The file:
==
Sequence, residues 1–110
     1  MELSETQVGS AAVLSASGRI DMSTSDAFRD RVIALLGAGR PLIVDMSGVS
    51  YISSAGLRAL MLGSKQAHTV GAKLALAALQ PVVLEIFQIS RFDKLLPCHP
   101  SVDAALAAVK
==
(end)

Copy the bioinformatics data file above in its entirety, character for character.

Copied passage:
Sequence, residues 1–110
     1  MELSETQVGS AAVLSASGRI DMSTSDAFRD RVIALLGAGR PLIVDMSGVS
    51  YISSAGLRAL MLGSKQAHTV GAKLALAALQ PVVLEIFQIS RFDKLLPCHP
   101  SVDAALAAVK